MICHELE NORRIS, host:
Two years ago, most Americans got an introduction to a term they'd never heard of.
(Soundbite of 2006 State of the Union Address)
President GEORGE W. BUSH: Switchgrass.
NORRIS: That's President Bush during his 2006 State of the Union address. He presented a laundry list of things his administration would do to help America kick its oil habit.
Pres. BUSH: We'll also fund additional research and cutting-edge methods of producing ethanol, not just from corn, but from wood chips and stalks, or switchgrass.
NORRIS: Since then, a lot of switchgrass has been through the mill, so to speak. But there's been little evidence that growing grass could actually make a dent in our demand for oil. Now, there's new research showing that this prairie plant could be a good source of ethanol.
Here's NPR's Christopher Joyce.
CHRISTOPHER JOYCE: Right now, Americans get their ethanol fuel from corn, so much of it that corn prices have been bouncing up near their historical ceiling. A lot of economists say if the country wants more ethanol, it should not come from food. Thus, switchgrass. It's a kind of prairie grass, but you don't have to go to the prairie to find it. For example, it grows on the banks of the Chesapeake Bay in Maryland, where Ken Staver has been tending a plot for years. It's six-feet high, yellowish, and stiff as a pencil.
Mr. KEN STAVER (Scientist, University of Maryland): As you can see, it's doing, done very well here with very little care other than when we planted it 10 years ago, we used some herbicide during the establishment phase. But since then, there's, literally, the only thing we do out here every year is harvest it.
JOYCE: Switchgrass contains cellulose, the starting material that, with enough heat and the right enzymes and chemicals, can be made into ethanol fuel. Staver, a scientist with the University of Maryland, says one of the good things about this grass is that it pretty much grows by itself.
Mr. STAVER: It's considered a perennial plant. So, it does reseed some, but mostly these are the original plants. It's not growing back from seedlings every year, it's growing back from the same, from the same rootstock.
JOYCE: So you don't have to plant it every year or even fertilize it much, and it's easy to harvest. And these things are essential if you want to make fuel from plants, biofuels. The more energy you use to make them, say, gas for tractors or electricity to convert them into liquid fuel, the lower your net energy yield. In short, if it takes close to a gallon of gasoline to make a gallon of biofuel, why bother?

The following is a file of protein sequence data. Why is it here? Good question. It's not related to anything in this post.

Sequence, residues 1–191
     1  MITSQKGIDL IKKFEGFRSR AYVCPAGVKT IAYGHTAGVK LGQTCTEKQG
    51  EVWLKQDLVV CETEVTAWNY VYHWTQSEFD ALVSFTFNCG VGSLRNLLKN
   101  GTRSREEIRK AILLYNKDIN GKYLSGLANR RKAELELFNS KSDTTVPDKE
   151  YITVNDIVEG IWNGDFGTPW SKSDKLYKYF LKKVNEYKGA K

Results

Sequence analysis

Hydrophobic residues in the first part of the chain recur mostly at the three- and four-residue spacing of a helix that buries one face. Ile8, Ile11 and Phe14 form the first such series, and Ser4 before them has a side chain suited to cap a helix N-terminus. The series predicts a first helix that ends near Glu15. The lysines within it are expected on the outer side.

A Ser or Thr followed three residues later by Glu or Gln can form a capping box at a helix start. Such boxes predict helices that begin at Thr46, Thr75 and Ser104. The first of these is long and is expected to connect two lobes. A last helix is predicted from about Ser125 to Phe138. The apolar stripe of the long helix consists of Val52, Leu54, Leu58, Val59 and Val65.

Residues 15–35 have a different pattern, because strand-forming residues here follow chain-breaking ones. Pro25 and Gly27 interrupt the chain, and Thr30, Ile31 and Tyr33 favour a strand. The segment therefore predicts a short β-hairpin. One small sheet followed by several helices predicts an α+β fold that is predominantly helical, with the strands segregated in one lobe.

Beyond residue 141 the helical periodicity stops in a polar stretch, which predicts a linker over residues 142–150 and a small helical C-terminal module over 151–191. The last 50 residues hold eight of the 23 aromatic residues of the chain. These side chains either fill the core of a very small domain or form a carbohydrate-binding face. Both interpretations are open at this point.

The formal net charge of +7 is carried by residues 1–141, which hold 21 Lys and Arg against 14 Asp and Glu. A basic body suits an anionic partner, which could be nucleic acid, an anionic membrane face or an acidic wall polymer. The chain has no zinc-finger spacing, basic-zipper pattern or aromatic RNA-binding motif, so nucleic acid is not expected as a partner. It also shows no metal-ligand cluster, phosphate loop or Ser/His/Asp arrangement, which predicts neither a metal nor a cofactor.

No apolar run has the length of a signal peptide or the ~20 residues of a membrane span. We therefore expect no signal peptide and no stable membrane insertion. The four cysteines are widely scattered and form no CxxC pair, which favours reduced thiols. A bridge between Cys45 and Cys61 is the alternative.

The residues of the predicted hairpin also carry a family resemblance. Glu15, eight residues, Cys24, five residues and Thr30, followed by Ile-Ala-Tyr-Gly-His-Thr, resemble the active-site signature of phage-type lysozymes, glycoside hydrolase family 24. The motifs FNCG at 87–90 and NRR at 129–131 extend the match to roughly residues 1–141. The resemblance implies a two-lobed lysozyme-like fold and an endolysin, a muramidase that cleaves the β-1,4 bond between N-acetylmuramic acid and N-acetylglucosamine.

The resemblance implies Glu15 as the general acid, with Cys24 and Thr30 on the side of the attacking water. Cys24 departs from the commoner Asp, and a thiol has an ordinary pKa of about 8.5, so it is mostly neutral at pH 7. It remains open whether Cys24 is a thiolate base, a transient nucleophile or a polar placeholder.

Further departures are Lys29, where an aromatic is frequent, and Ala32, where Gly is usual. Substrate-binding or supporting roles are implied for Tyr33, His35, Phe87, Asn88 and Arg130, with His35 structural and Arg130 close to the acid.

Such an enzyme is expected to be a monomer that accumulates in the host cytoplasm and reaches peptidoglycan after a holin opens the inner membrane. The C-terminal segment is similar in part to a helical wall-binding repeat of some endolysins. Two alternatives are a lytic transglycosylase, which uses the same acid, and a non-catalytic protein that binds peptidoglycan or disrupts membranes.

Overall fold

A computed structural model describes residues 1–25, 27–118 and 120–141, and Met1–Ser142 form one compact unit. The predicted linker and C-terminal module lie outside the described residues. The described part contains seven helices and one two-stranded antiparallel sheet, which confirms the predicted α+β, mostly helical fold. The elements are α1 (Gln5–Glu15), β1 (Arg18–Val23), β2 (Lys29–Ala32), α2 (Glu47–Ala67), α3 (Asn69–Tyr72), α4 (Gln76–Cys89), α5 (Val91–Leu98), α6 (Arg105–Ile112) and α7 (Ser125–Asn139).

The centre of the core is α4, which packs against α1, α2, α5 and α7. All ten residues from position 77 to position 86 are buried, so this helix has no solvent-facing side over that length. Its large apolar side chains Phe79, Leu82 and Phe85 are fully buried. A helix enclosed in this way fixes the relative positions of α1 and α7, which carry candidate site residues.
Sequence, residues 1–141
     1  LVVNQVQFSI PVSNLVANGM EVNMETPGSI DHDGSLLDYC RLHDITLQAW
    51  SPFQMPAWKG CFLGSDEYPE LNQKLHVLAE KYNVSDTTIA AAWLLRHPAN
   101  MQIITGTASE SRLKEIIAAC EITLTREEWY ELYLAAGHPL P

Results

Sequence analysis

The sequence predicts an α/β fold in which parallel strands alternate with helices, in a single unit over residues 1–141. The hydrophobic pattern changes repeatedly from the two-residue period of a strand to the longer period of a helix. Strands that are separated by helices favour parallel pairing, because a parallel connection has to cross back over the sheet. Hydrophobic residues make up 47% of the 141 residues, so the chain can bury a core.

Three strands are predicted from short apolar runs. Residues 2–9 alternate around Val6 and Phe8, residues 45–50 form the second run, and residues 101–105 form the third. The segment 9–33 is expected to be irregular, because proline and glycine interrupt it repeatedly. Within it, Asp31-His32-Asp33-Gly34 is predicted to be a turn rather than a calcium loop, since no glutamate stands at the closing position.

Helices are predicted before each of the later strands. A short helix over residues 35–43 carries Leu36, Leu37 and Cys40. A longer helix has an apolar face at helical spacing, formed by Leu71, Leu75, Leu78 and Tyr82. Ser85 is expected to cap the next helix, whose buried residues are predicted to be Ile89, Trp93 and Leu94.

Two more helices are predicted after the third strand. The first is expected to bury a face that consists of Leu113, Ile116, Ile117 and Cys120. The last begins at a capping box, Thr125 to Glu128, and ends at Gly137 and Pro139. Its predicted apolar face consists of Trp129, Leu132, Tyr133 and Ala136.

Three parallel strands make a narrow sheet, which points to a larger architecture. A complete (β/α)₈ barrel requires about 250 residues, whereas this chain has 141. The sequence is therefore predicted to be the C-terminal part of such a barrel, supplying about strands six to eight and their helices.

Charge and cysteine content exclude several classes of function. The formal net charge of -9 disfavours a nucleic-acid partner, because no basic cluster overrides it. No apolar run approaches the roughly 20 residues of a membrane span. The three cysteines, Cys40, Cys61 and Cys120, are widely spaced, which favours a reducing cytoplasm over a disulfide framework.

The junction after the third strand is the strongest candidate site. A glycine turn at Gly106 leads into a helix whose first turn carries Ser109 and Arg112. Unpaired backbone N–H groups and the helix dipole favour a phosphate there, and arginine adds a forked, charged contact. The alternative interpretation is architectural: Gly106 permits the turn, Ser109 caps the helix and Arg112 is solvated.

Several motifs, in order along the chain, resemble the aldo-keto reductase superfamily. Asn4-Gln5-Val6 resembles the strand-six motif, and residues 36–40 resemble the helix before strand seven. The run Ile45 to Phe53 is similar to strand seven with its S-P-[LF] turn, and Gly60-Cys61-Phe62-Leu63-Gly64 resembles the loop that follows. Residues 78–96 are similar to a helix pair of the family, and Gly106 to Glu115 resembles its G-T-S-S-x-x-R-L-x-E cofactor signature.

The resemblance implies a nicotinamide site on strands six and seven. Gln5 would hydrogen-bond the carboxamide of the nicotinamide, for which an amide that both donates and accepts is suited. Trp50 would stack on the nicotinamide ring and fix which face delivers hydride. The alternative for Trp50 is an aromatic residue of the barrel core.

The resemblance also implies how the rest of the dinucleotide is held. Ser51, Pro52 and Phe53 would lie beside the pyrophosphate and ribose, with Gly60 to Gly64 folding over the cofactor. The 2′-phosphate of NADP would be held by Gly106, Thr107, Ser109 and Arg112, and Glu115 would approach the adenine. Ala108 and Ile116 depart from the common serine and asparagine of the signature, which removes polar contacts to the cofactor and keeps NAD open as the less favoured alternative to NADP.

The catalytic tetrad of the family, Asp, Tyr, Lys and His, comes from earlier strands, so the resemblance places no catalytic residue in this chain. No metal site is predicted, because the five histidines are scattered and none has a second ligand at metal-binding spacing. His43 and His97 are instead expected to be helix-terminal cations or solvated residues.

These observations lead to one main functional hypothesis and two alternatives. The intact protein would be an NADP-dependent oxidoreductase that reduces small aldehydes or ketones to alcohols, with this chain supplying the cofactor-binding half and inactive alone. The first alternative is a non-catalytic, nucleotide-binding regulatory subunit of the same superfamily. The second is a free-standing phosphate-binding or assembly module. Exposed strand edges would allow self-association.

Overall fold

Well, plant scientist Ken Vogel, at the federal government's Agricultural Research Service in Nebraska, has done a new study that says switchgrass is worth the bother. Vogel spent five years with farmers growing switchgrass in the Midwest. It was one of the biggest experiments with actual crops. He calculated with what might seem like mind-numbing thoroughness, everything that went into each plot.
Mr. KEN VOGEL (Scientist, United States Department of Agriculture-Agricultural Research Service): And this includes the energy used for fuel, the energy used to make the tractors, the energy used to produce the seed to plant the field, the energy used to produce the herbicide, the energy used to produce the fertilizer, the energy used in the harvesting process.
JOYCE: Vogel says for every unit of energy used to grow the switchgrass, he could get almost five and a half units worth of ethanol out. And that's a lot more efficient than making ethanol from corn, he says.
Mr. VOGEL: The bottom line is perennial energy crops are very net energy-efficient. It is going to be economically feasible, the basic conversion technology has been developed, and it is going to be a viable process.
JOYCE: Now, Vogel has focused on the growing part of the process, mostly. He hasn't demonstrated that commercial distilleries can actually achieve the same level of efficiency.
One issue is how you power your distillery. If you use electricity made from coal, you lose some of the advantage of biofuels. Vogel argues that a distillery could regain that advantage by burning leftover parts of the switchgrass to generate the energy.
Vogel's research appears in the latest issue of the journal Proceedings of the National Academy of Sciences.
Christopher Joyce, NPR News.
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